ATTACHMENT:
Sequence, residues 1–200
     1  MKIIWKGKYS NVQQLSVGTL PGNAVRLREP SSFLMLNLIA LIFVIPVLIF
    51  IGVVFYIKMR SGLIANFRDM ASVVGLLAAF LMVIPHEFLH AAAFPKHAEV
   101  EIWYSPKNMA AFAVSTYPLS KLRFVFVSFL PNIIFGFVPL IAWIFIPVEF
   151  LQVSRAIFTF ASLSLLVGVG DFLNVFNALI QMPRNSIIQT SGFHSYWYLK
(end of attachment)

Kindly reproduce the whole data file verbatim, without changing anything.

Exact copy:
Sequence, residues 1–200
     1  MKIIWKGKYS NVQQLSVGTL PGNAVRLREP SSFLMLNLIA LIFVIPVLIF
    51  IGVVFYIKMR SGLIANFRDM ASVVGLLAAF LMVIPHEFLH AAAFPKHAEV
   101  EIWYSPKNMA AFAVSTYPLS KLRFVFVSFL PNIIFGFVPL IAWIFIPVEF
   151  LQVSRAIFTF ASLSLLVGVG DFLNVFNALI QMPRNSIIQT SGFHSYWYLK